Racially-motivated killings appear to be at an all-time high (at least for this generation), police brutality is at an all-time high (or at least we can PROVE it more now thanks to cellphone video and social media) and mistrust/distrust of our elected and appointed leaders is at an all-time high as civil unrest and unlawfulness continues to spread across America.
As students prepare to head back to school, some families are concerned they will not have the technology needed to help their children succeed in virtual or distance learning. Specifically, in the African American community, many students have not engaged as much in the virtual learning landscape, as we have relied on brick-and-mortar institutions.
For generations, the fight when it comes to our children and schools have been about integration, better resources, bridging the educational gaps between whites and minority students and, over the last few years, conquering the digital divide when it comes to students in underserved communities.
The City of Houston has approved a $20 million rent relief package to help Houstonians who cannot pay rent due to economic challenges caused by COVID-19.
The Houston Police Department will be issuing warnings and citations to anyone not wearing a face mask or face covering required by the state's mandatory mask order. Police will not ticket those who are not wearing a mask if they meet the exemption criteria. The citation carries a $250 fine.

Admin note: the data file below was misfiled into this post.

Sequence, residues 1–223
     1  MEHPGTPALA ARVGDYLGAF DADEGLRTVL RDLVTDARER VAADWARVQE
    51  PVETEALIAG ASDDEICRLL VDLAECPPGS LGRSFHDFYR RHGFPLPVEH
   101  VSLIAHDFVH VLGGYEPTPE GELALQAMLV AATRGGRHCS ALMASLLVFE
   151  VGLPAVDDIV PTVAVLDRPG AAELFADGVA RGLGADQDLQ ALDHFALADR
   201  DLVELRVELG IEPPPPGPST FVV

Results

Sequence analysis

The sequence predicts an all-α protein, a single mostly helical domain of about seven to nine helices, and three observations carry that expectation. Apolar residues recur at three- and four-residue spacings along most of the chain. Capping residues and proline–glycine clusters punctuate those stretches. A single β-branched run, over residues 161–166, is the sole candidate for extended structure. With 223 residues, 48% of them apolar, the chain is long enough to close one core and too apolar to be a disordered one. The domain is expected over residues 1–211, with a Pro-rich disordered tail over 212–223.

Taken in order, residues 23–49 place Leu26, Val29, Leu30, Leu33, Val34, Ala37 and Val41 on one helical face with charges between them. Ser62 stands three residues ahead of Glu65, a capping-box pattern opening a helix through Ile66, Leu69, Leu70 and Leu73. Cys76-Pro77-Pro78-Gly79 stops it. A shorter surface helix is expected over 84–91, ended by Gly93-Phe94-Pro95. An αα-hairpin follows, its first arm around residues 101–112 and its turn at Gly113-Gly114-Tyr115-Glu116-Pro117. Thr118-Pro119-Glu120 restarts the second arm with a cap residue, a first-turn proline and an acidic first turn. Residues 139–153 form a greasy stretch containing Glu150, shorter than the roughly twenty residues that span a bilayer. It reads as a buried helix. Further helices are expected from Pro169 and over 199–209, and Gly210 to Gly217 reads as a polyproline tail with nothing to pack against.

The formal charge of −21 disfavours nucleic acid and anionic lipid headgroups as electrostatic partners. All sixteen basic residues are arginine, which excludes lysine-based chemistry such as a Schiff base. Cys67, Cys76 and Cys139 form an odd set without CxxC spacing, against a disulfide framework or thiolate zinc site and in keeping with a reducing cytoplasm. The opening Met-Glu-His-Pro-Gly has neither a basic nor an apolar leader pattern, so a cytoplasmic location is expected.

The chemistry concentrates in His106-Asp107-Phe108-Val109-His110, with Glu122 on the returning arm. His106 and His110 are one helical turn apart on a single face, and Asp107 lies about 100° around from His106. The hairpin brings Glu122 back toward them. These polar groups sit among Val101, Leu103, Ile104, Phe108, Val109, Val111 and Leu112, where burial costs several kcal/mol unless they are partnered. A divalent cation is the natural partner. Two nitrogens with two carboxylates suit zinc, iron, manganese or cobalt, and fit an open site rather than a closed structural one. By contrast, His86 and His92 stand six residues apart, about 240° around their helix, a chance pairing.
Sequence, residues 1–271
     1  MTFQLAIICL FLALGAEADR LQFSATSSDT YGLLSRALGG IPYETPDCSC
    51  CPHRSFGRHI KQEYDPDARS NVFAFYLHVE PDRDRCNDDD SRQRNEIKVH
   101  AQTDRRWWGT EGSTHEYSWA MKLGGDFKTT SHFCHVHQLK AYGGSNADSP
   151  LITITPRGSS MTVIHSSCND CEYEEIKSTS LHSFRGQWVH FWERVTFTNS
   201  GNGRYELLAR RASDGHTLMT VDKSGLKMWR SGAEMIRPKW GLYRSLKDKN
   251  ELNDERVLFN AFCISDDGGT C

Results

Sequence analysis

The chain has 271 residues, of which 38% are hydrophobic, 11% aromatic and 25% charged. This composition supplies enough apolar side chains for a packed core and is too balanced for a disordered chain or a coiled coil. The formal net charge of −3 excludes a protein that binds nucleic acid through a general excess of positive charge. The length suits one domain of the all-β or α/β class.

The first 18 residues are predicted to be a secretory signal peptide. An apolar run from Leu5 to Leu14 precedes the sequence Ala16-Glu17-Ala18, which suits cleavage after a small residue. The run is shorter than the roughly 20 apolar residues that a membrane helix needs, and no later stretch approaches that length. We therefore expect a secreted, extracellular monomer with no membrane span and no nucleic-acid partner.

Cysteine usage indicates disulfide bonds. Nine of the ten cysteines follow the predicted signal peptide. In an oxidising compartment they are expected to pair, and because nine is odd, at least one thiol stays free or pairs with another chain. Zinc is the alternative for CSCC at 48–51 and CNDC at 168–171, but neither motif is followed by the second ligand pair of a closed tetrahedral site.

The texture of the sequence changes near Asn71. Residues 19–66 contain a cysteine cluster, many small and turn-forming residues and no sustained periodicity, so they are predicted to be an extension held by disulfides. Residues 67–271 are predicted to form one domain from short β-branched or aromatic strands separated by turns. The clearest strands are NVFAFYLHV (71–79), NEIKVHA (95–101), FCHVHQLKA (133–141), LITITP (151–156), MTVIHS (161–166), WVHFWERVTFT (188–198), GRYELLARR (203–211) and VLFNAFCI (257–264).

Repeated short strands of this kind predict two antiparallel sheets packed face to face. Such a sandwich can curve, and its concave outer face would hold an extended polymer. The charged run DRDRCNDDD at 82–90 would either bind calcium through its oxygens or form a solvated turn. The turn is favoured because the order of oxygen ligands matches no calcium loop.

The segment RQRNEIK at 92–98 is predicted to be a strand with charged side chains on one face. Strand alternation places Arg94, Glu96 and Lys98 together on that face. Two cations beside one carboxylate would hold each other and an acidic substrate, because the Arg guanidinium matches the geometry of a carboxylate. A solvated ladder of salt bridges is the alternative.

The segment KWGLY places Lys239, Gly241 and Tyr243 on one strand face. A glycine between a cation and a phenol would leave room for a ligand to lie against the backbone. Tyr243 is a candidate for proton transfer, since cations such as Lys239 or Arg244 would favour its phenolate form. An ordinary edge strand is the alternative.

The word they use is "negotiating," but it is more fitting to flat out call it what it is --fighting -- as Democrats and Republicans are trying to reach a decision on what to do about unemployment benefits during this pandemic.
Community Works CDC, the non-profit organization of Free Indeed Church International, has been helping the underserved community of northeast Houston for 15 years.
"Right now, we as Black people need to get us an agenda and we need to discuss all of these disparities that we have in the Black community; education, healthcare and clinics, employment, parks for the youth, food, housing, economic development and the list goes on and on," Georgia Provost said.
The body has been buried, the movement is far from over and a song written by a local worship leader is sure to live on for ages, signifying the birth of a new generation of fighters.
H-E-B Vice President of Operations Terry Williams had double pneumonia, was extremely tired and hallucinating from drugs and fever when his father came into his room and told him two simple words, "Get up." And just like any obedient son, he did.